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04 - Policy Analysis I--Market Failure (320B 2013).pdf

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Department
Political Science
Course
POLI 101
Professor
Paul Quirk
Semester
Fall

Description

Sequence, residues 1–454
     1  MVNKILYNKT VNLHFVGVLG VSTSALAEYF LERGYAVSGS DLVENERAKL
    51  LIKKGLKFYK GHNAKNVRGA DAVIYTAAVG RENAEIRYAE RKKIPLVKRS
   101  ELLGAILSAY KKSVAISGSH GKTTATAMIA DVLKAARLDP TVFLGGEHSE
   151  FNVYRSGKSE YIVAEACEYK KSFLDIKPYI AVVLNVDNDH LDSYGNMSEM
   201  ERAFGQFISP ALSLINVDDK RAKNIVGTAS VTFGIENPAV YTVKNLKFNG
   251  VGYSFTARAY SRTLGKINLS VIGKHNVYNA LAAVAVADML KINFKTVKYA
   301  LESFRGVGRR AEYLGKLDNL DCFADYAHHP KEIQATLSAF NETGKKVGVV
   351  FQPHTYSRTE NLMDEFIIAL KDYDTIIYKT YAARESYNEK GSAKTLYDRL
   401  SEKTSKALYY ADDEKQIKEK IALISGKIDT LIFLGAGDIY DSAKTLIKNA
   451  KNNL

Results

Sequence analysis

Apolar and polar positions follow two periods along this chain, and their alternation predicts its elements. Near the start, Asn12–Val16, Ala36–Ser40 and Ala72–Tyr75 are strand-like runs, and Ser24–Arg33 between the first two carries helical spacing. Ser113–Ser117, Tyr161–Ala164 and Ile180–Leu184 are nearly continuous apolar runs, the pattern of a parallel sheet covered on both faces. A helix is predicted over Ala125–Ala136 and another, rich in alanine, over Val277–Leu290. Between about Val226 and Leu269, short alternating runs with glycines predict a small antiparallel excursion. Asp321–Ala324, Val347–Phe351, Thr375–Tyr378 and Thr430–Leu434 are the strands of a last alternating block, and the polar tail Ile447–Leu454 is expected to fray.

Political Science 320 B, Fall 2013 Lecture 4, Policy Analysis I: Market Failure September 17, 2013 PRELIMINARY Seating chart: PRELIMS2: Reminder: how to take notes on lectures Readings: some technical material. Be able to summarize; and explain major points if asked. Follow news on the US. Washington Post. Subscribe to Wonkbook. Introduction: Economic Analysis of Public Policy Contrast econ analysis with ideological approaches. Liberal and conservative ideologies use broad values (e.g. equality versus liberty), and very general ideas (unregulated markets work well or work poorly). Economic analysis—much more specific ideas and criteria: markets work well in some circumstances, not others (market failure). The circumstances, at a conceptual level, are precisely defined. Govt may be needed when markets “fail,” i.e., when missing some of the well-defined conditions for perfect competition. Liberalism vs conservatism is not irrelevant; but plays a more limited role. We’ll see. General characterization: economists have developed a body of theory that is often used to analyze merits of policy. I.e., judge which policies are appropriate. Role in government These analyses are often influential in government. Not always. Less so in recent years, because politics is more ideological. Limitations of economic analysis limited specificity of its judgments: often the decision about particular policies is indefinite. Applying the principles may require difficult further judgments—especially about what effects a policy has (and how significant). It makes some controversial assumptions, i.e. about basic goals, and about how people behave. Economists are often criticized for these assumptions. Overall (my view): econ analysis of policy is compelling for many questions. Dubious for some. Inconclusive for many. Discussion (ask for both): 1. Should government regulate rent in a high rent city like Vancouver (e.g. prohibit increases greater than 3 percent per year)? Why, why not? 2. Should the government of Vancouver provide a public TV or radio network to provide programming on local issues (information on government, employers, business climate, recreation, social problems)? Why or why not? Do you give the same answer? Yes, Yes; No, No. Does econ theory give same answer??? Ethical assumptions of economic analysis: i.e. basic goals or standards of judgment. There are various basic ethical theories about what decisions are good or right. Examples of basic ideas: People have rights; must be respected. People should be helped to become fully human. People should be helped to form real communities, to have deep and valued relationships with each other. Utilitarianism: people or governments should pursue “the greatest th happiness of the greatest number.” (quote: Jeremy Bentham, 19 Century British philosopher). Econ analysis assumes a version utilitarianism—one with special assumptions. The principle of utility: We cannot judge “happiness” of people from outside. Bill smiles more than Sam. Is he really happier??? Bill says he really really wants a Mercedes Benz. Would it make him happier than it would make Sam? We should try to increase satisfaction of people’s desires or wants. “Policy should maximize utility”—satisfaction of wants. How to tell what people want—revealed preference: Can you just ask them? No. They may not be accurate! See what they actually choose (“revealed preferences”) Economists can verify that I like a peach three times as much as I like an apple, if they see me trade three apples for one peach, or pay three times as much for a peach as for an apple. Econ analysis as such avoids comparisons between people’s happiness or utility (“interpersonal comparisons of utility”). They have no way to judge whether I like a peach more that you like a peach. What choice could reveal that?! Results: econ theory as such does not make judgments about desirability or justice of the distribution of income or other goods. E.g., consider raising taxes on the wealthy to help the poor. Does it increase the happiness or utility of the poor more than it decreases utility of the rich? Economists would say that economic analysis cannot determine. (Why: Again- -you can’t judge differences in utility between different people, or thus gains or losses) Implication: you have to use some other grounds for this question. E.g., use your ideological values. Econ analysis uses the concept of Pareto efficiency (or Pareto optimality). A policy or set of policies is optimal if and only if it results in a situation where: no change in the use of any resource would make some people better off (at least one person) and would not make someone else (at least one person) worse off. Put differently, policy changes are improvements if they make anyone better off and no one worse off. Optimal conditions are those where no possible improvements exist. What if a change makes ten better off, and one worse off? We can’t tell if that’s an improvement! The effect on the one could be 20 times greater. No way to judge. Thus does not deal with equity, equality or fair distribution. Most economists say these are important, but need to be considered separately, based on political values or ideology. Economic theory can't help. Liberal and conservative economists differ on what to do about it. Everyone is the judge of their own utility (i.e., of what is good for them). How do we know what is good for people? We observe what they choose (e.g., how much they will pay for some good), as the only reliable evidence of what they actually want. No authority is allowed to pronounce that some of people's wants are invalid or irrelevant. For example, consider the issue of using taxes to discourage cigarette smoking. Advocates of such a tax say that smoking is harmful to people, even if they choose to do it. Economic theory would say we have no way to demonstrate that people are better off not smoking. We can only assume that they like smoking enough to make the risks acceptable to them. So imposing the tax just makes them worse off, because poorer. (A lot of individual economists might bail out here, and endorsed the tax--saying that some people are irrational in this particular matter.) Public broadcasting—using public funds to put on highbrow shows. Again: There’s no way to say people benefit more from a subsidized cultural program (e.g. a play) than from “So you think you can Dance, Canada,” if people prefer to watch. (Below: economics will use people’s choices to estimate benefits of a policy. Criticisms and alternatives (some due to different moral theories). Different critics argue: individual rights, prohibit nearly all govt intervention (especially libertarians). certain other values (for example community) -- should we promote community (cooperation, feelings of affiliation) even when people may not want it. Environmentalism: value of nature for own sake? BUT: Note the prevalence of utilitarian thinking in many contexts. Look at typical policy debates: do more for global warming? Stimulate the economy? Build a